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Perfect Keyboard is a customizable keyboard for your Android phone [App Reviews]


Wednesday 22nd of June 2011 / androinica.com
If you have used an Android device for long, then you have come to realize that the built-in keyboard is not always the best option. Some of the typical complaints about the standard Android keyboard include the small key sizing, poor key spacing, and the lack of skins.If you have been looking for a fully customizable keyboard option, then your stubby fingered prayers have been answered. Perfect Keyboard is different from a vast number of other keyboards in the Android Market in a number of key ways, most of them revolving around the keys themselves.What Perfect Keyboard really does for you is gives you control over the size and spacing of your keyboard keys. So if you find yourself hitting letters you didn’t mean to while you are tapping out those text messages, then look no further. Simply go into the settings for Perfect Keyboard by going into Settings -> Language & Keyboard -> Perfect Keyboard -> Appearance.Perfect Keyboard also has a host of other features that have come to be expected from alternative keyboards. It has its own set of long press shortcuts, a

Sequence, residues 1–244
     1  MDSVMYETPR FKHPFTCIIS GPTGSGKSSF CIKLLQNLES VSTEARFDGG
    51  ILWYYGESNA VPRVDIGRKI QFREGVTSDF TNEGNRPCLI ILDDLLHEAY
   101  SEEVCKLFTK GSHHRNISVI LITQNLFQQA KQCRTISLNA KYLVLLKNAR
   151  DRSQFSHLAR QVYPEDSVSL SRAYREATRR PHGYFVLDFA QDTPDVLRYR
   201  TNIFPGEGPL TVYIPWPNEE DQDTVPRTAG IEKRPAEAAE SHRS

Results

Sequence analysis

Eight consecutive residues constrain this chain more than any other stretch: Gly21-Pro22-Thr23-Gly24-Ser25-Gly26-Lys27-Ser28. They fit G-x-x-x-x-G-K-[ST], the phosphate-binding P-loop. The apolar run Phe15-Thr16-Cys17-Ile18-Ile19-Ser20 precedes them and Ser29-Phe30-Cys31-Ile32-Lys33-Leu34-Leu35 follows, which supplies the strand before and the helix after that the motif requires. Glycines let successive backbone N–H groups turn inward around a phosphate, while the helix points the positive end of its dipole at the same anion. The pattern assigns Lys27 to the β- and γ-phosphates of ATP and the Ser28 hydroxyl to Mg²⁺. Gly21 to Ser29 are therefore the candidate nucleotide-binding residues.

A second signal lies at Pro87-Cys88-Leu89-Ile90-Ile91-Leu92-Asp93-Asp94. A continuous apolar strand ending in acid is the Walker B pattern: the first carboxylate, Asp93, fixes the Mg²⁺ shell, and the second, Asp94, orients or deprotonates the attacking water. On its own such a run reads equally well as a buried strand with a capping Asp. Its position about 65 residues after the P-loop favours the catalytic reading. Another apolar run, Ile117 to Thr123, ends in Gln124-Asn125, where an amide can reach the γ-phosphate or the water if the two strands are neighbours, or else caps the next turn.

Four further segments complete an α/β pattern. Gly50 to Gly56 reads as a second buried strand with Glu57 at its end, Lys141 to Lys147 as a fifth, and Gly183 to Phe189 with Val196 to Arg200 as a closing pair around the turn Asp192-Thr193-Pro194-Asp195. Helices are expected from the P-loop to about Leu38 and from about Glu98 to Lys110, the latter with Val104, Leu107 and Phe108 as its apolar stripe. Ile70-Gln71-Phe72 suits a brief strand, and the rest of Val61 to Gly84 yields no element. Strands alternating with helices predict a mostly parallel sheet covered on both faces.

posted on: Tools
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Android 4.2 Headed to AOSP Right Now! – Droid Life


Tuesday 13th of November 2012 / droid-life.com
With the Nexus 4 and Nexus 10 launching on Google Play, and running Android 4.2, it only makes sense that this new version of Jelly Bean would makes its way to the Android Open Source Project (AOSP). Sure enough, that is happening now.What does this mean for all of you? Well, it means that your favorite custom ROM developer has some work to do. Once that work is done, it then means that you will have a brand spankin’ new ROM to dive into that includes Photosphere, the quick settings pull-down, a better keyboard, and more.Once we start hearing from the top devs with ROMs, we’ll start gathering them up for a mega-post.Via:  Google Groups
posted on: News
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TF201 Keyboard not recognized--can I use a Bluetooth wireless model?


Saturday 01st of December 2012 / androidtablets.net